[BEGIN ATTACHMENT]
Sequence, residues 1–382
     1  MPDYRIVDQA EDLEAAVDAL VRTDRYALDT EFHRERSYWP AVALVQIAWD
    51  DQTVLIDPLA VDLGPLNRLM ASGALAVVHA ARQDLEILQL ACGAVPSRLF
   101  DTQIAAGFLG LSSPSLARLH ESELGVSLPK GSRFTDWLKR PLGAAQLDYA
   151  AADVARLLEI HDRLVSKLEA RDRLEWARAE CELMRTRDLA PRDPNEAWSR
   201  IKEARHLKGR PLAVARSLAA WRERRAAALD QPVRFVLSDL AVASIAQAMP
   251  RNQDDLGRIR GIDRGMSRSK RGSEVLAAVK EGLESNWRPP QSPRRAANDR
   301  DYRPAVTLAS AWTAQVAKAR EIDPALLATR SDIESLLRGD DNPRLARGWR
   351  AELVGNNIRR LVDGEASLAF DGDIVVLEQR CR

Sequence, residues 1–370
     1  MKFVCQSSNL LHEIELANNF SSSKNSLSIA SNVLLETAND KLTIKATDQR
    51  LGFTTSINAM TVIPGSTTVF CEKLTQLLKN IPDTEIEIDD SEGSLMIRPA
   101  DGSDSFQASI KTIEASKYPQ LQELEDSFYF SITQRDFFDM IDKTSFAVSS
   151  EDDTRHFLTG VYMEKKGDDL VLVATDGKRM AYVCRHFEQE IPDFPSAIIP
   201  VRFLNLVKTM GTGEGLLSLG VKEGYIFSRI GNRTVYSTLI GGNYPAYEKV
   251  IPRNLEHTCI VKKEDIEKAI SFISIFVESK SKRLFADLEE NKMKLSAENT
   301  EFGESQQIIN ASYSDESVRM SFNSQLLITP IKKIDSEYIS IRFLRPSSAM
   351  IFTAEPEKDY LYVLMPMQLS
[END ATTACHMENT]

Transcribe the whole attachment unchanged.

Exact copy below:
Sequence, residues 1–382
     1  MPDYRIVDQA EDLEAAVDAL VRTDRYALDT EFHRERSYWP AVALVQIAWD
    51  DQTVLIDPLA VDLGPLNRLM ASGALAVVHA ARQDLEILQL ACGAVPSRLF
   101  DTQIAAGFLG LSSPSLARLH ESELGVSLPK GSRFTDWLKR PLGAAQLDYA
   151  AADVARLLEI HDRLVSKLEA RDRLEWARAE CELMRTRDLA PRDPNEAWSR
   201  IKEARHLKGR PLAVARSLAA WRERRAAALD QPVRFVLSDL AVASIAQAMP
   251  RNQDDLGRIR GIDRGMSRSK RGSEVLAAVK EGLESNWRPP QSPRRAANDR
   301  DYRPAVTLAS AWTAQVAKAR EIDPALLATR SDIESLLRGD DNPRLARGWR
   351  AELVGNNIRR LVDGEASLAF DGDIVVLEQR CR

Sequence, residues 1–370
     1  MKFVCQSSNL LHEIELANNF SSSKNSLSIA SNVLLETAND KLTIKATDQR
    51  LGFTTSINAM TVIPGSTTVF CEKLTQLLKN IPDTEIEIDD SEGSLMIRPA
   101  DGSDSFQASI KTIEASKYPQ LQELEDSFYF SITQRDFFDM IDKTSFAVSS
   151  EDDTRHFLTG VYMEKKGDDL VLVATDGKRM AYVCRHFEQE IPDFPSAIIP
   201  VRFLNLVKTM GTGEGLLSLG VKEGYIFSRI GNRTVYSTLI GGNYPAYEKV
   251  IPRNLEHTCI VKKEDIEKAI SFISIFVESK SKRLFADLEE NKMKLSAENT
   301  EFGESQQIIN ASYSDESVRM SFNSQLLITP IKKIDSEYIS IRFLRPSSAM
   351  IFTAEPEKDY LYVLMPMQLS